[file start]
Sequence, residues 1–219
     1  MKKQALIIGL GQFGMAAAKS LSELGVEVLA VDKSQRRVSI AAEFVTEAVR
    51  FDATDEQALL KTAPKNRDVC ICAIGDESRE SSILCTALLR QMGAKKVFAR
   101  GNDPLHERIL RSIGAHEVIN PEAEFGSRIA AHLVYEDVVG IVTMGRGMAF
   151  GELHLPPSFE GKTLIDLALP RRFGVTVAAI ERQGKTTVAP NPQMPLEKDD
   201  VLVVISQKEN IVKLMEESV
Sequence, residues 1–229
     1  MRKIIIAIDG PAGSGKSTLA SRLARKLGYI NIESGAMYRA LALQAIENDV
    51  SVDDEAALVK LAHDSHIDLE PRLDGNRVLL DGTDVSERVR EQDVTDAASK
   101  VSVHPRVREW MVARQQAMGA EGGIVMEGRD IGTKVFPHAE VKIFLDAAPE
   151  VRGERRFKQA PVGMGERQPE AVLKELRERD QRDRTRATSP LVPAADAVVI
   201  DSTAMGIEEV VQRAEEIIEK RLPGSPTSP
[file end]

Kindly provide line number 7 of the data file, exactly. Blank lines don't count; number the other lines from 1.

Sequence, residues 1–229